Sunday, May 17, 2009

World War I Battle Gear

The pigeon which you saw in the previous post being cradled in Roy Batty's hands was available thanks to Hasbro's World War I 1/6 scale Doughboy Battle Gear set released in 2000. The set consisted of one carrier pigeon and pigeon carrier cage,  Chuachat Light 1917 Machine gun with bipod, 3 x grenades, overseas cap and campaign hat, trench periscope, trench knife and sheath, mess tin with fork, spoon and knife, bread can, bacon can and condiments can.

The battle gear sets were carded accessory kits that you could use to add on to the existing GI Joe figure, making him more complete. It's interesting that the World War I American soldier has a bacon can (yummy) together with his bread can and condiments can. The mess tin and utensils (fork, spoon and knife) are still being issued in this day and age. After all, you cannot fight a battle on an empty stomach.

Trench periscope, trench knife and sheath. It wasn't until the First World War that fixed trench warfare became the standard form of fighting. The trench system along the Western Front ran for approximately 475 miles, in an "S" shape across Europe, from the North Sea to Switzerland.

The Chauchat (pronounced 'show-shah') was a light machine gun used mainly by the French Army but also by seven other nations, including the USA, during and after World War I. The Chauchat was one of the first light machine guns designed to be carried and fired by a single operator and an assistant, without a heavy tripod or a team of machine gunners.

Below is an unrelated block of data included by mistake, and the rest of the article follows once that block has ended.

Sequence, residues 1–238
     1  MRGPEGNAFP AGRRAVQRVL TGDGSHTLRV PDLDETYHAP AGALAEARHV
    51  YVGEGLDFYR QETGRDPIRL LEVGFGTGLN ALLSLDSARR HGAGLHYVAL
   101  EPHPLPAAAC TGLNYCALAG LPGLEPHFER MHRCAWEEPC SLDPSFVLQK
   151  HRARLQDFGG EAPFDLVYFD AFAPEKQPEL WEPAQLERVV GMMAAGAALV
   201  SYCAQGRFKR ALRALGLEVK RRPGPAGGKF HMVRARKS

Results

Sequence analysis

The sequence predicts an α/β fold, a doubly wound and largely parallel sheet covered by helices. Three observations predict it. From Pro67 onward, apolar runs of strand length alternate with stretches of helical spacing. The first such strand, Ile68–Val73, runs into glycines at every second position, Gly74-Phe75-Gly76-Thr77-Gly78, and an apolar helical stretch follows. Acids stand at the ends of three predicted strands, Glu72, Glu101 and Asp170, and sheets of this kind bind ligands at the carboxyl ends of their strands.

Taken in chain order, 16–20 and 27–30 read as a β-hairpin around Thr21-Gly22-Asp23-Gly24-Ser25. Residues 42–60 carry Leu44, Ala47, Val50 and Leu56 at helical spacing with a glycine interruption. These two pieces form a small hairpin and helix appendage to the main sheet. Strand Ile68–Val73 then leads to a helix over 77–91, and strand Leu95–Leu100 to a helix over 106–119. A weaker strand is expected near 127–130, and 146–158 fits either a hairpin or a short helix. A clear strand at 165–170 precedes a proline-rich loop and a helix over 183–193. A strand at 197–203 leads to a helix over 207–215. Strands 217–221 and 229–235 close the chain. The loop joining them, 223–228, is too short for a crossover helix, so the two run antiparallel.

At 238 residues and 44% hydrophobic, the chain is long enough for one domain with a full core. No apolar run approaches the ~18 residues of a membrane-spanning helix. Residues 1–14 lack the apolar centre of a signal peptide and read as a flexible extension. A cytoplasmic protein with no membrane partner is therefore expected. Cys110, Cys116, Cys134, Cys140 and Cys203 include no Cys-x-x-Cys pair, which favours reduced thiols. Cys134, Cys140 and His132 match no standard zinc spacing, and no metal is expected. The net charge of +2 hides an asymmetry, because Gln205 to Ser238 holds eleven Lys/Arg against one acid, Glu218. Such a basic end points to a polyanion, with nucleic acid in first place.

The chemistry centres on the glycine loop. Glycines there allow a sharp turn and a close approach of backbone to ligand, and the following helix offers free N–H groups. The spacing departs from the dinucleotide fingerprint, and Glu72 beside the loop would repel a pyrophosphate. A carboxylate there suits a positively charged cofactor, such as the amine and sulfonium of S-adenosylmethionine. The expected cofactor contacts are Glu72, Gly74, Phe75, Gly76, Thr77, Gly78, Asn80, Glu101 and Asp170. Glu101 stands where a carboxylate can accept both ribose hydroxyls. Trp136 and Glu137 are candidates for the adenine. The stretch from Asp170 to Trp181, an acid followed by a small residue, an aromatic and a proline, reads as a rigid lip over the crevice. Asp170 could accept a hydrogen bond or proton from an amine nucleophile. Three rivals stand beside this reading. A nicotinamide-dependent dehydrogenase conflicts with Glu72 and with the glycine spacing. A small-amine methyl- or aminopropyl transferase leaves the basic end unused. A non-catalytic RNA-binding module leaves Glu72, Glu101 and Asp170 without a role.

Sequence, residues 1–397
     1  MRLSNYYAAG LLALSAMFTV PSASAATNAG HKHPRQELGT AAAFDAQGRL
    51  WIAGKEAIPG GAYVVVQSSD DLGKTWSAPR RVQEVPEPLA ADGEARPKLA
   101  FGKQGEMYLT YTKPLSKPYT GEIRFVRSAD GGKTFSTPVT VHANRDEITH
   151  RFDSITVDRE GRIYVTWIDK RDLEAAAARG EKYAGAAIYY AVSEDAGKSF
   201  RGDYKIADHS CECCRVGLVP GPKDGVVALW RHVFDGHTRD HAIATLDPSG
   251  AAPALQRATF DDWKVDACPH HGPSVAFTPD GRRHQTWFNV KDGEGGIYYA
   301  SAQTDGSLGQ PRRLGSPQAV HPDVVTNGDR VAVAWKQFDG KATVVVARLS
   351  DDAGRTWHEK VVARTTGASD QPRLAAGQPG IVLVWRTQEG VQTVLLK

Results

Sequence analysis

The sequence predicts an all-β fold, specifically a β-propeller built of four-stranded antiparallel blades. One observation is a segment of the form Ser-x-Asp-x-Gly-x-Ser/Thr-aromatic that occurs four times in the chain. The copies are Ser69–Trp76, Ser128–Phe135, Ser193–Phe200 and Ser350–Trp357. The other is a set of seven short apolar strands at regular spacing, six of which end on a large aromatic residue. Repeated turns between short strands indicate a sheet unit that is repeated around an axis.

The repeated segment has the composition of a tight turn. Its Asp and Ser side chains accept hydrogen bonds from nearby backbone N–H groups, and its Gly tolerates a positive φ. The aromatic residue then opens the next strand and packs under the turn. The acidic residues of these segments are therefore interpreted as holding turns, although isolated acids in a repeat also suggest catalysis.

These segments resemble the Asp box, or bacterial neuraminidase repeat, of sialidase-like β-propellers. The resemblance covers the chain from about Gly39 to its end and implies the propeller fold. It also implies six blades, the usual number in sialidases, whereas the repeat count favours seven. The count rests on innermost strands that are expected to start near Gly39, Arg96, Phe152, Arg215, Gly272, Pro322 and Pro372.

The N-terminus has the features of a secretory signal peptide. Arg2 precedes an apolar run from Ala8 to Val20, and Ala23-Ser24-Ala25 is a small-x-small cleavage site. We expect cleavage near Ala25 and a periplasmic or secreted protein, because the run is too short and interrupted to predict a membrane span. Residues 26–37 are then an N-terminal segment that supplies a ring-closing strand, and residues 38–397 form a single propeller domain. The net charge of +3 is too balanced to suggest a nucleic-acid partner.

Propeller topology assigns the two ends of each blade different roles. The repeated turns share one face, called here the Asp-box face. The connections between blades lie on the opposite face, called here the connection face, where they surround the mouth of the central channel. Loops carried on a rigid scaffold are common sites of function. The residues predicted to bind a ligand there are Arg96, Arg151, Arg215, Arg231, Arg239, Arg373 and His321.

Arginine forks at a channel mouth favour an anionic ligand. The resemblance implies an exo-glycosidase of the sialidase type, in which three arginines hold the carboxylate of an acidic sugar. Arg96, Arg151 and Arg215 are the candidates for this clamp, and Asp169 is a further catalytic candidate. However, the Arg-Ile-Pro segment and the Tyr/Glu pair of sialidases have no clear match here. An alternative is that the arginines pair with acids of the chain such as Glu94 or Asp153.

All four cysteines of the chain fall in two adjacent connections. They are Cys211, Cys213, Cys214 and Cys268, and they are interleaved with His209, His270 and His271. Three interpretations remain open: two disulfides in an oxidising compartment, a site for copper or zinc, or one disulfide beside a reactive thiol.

Overseas cap (also called a garrison cap, side cap or forage cap) and campaign hat. The campaign hat was associated with World War I ground forces of the United States Army. It has since been called Stetson, drill instructor hat, drill sergeant hat, round brown, ranger hat, sergeant hat, Scouts hat, Smokey Bear hat, lemon squeezer and is worn by contemporary US military drill instructors, state police forces, park rangers, Boy Scouts, the Royal Canadian Mounted Police, the Legion of Frontiersmen and others.

Carrier pigeon cage for holding the carrier pigeon until it is needed.

Carrier pigeons were used to carry messages in World War I and even in World War II (Carrier pigeons played a vital part in World War II communication for the Invasion of Normandy as radios could not be used for fear of vital information being intercepted by the enemy.) Using pigeons to carry messages is generally called "pigeon post."

Carrier pigeons (homing pigeons) historically carried messages only one way, to their home. They had to be transported manually before another flight. They were selectively bred to be able to find its way home over extremely long distances. "Pigeon mail" can only work when the sender is actually holding the receiver's pigeons.

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